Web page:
State GOP Opts Against Further Pursuit of Redistricting Case


A Republican-led challenge to New Mexico’s congressional district maps appears to have been dropped.

The state GOP’s spokeswoman, Ash Soular, wrote in an email Wednesday that the party has no plans to seek a rehearing of the state Supreme Court’s recent order upholding the districts “at this time.”

That means the case, which has been playing out in state courts since lawmakers authorized new maps in 2021, will finish in a win for Democrats, and the present boundaries will remain in place.

In late November, the state Supreme Court upheld a previous court finding in which a judge determined that, while Democratic lawmakers attempted to limit Republican voting power in the 2nd Congressional District, their actions did not violate state constitutional rights.

The state Republican Party had challenged the maps as an illegal gerrymander. However, in late November, the state Supreme Court concluded that 9th Judicial District Judge Fred Van Soelen’s order sustaining the maps was “supported by substantial evidence” and did not arise from any “legal error.”

The 2nd Congressional District was redrawn to incorporate parts of Albuquerque, which added approximately 40,000 Democratic voters. Some heavily Republican cities in southeastern New Mexico, such as Hobbs, were subsequently moved from the 2nd to the 3rd Congressional District in Northern New Mexico, which already had a comfortable Democratic majority.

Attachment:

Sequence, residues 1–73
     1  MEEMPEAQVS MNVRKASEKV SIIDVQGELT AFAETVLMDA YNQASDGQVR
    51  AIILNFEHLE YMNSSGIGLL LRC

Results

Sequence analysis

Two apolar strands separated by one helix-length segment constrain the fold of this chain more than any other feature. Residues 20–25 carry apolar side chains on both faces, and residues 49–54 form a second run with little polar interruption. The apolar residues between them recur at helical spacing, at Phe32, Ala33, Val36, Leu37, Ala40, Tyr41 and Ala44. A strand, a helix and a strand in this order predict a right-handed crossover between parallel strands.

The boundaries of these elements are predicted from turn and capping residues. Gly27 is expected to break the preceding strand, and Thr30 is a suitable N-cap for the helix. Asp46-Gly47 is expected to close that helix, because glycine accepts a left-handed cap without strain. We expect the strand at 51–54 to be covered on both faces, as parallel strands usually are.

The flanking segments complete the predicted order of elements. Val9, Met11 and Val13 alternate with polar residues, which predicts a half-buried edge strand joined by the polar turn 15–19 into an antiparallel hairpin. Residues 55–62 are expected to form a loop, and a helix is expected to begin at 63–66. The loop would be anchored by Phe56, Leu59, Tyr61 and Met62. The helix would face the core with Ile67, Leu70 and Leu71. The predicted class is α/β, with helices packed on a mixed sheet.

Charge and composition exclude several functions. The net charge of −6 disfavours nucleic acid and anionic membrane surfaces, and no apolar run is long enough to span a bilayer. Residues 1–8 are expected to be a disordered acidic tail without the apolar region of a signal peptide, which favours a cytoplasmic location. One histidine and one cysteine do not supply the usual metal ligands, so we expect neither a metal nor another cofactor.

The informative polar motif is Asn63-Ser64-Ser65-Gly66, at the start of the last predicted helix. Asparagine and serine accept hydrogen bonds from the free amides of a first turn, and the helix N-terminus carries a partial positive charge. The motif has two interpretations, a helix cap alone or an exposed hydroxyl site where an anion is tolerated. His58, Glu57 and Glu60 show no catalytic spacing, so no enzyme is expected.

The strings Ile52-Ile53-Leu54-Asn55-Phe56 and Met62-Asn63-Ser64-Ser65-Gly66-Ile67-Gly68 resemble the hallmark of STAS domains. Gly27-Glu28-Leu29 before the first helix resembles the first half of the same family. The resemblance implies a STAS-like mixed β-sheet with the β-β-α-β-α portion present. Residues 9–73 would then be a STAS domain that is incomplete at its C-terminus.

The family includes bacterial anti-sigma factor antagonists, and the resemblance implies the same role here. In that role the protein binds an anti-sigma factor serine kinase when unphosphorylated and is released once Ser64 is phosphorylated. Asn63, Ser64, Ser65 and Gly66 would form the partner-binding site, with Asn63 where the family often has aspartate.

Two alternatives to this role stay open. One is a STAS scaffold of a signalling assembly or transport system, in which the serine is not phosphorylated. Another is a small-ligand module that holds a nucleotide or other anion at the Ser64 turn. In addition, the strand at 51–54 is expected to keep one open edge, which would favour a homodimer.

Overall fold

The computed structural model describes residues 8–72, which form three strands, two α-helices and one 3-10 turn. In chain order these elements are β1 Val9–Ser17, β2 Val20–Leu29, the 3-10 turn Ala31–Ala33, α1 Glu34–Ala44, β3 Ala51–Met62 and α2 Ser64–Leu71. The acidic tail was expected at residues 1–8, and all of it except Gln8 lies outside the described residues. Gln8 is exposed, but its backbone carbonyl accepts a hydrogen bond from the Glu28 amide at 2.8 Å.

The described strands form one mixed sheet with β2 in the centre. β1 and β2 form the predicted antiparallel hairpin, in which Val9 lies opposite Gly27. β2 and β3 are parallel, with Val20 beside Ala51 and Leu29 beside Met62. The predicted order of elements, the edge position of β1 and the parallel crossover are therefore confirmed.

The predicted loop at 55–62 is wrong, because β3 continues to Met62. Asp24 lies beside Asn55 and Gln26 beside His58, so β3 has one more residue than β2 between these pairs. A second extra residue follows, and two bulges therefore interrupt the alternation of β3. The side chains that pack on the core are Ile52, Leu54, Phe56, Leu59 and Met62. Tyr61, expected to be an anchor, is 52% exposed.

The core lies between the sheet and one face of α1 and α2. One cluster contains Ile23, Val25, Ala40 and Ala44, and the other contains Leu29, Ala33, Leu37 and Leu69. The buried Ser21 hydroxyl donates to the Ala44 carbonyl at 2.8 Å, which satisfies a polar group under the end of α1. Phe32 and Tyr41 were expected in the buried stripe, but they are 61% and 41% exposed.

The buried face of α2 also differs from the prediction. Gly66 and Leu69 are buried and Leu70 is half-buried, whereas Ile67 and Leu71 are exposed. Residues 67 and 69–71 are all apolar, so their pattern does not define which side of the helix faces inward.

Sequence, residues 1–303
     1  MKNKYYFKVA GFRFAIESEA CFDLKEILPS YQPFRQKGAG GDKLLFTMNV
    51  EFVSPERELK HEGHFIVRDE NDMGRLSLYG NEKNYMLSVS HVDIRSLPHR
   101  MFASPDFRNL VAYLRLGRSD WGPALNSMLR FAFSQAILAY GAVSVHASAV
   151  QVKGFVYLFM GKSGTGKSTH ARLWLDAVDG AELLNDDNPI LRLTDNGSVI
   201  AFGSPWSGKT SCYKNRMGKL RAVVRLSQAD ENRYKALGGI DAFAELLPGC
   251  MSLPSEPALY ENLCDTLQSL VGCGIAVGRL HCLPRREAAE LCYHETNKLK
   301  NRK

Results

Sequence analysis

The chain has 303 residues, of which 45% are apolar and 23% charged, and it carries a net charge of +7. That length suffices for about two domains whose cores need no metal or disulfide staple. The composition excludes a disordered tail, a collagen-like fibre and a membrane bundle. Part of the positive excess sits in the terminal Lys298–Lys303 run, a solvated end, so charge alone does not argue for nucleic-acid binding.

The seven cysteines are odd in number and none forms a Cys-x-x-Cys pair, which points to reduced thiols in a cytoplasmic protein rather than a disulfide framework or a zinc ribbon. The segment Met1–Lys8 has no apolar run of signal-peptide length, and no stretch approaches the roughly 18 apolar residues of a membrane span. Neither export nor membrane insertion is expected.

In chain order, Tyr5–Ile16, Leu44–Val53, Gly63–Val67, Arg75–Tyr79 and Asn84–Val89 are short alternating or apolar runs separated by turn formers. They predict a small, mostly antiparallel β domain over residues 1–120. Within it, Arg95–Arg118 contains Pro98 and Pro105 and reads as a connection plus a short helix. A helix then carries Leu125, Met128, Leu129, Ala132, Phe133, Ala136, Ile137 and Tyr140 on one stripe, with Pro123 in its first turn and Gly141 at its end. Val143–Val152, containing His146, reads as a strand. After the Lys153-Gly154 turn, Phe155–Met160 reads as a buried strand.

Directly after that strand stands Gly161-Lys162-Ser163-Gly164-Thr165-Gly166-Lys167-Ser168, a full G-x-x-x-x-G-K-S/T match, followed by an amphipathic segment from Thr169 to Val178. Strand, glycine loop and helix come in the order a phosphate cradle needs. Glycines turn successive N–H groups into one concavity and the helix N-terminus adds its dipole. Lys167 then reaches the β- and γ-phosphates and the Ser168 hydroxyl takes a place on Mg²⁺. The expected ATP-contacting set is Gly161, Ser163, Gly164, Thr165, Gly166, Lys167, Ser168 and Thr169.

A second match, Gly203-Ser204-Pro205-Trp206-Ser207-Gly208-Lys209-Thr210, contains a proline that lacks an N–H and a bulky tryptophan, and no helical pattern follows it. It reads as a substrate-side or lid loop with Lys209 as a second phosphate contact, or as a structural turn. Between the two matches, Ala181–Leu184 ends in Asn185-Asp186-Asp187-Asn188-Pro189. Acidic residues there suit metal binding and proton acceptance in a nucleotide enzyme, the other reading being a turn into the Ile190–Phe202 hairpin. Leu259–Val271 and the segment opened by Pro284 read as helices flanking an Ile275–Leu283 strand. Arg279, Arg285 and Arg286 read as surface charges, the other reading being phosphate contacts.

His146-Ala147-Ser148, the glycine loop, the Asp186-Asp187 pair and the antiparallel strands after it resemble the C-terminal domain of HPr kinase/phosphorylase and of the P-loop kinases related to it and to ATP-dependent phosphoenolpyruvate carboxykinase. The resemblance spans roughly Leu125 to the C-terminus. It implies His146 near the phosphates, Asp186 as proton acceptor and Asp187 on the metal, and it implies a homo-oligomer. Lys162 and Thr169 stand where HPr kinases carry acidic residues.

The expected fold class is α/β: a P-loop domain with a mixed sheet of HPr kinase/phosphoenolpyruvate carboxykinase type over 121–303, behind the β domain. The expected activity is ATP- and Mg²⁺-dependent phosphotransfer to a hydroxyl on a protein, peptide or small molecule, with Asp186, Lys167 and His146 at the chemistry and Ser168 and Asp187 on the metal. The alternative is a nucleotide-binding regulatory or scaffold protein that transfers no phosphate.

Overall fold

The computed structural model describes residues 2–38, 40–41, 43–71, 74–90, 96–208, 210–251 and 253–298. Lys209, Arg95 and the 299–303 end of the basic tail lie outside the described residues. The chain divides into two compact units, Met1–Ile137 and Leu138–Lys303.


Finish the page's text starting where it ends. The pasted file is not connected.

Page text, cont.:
After the lines were changed, U.S. Rep. Gabe Vasquez, a Democrat from Las Cruces, defeated Republican Yvette Herrell by around 1,300 votes in the 2022 campaign for the 2nd Congressional District seat. New Mexico currently has a completely Democratic congressional delegation as a result of Herrell’s defeat. Herrell has stated that she intends to run again in 2024.

Every ten years after the U.S. census, states redraw their legislative and congressional district lines. The process of determining which political party will hold power at the state and federal levels sometimes ends up in court.

The state Republican Party had 15 days from the date the state Supreme Court published its verdict on Nov. 27 to request a rehearing, and that time is almost gone.

The plaintiffs are unlikely to be able to pursue alternative legal channels, such as a federal challenge, because the United States Supreme Court essentially decided in 2019 that federal courts have no authority over state legislatures’ redistricting processes.

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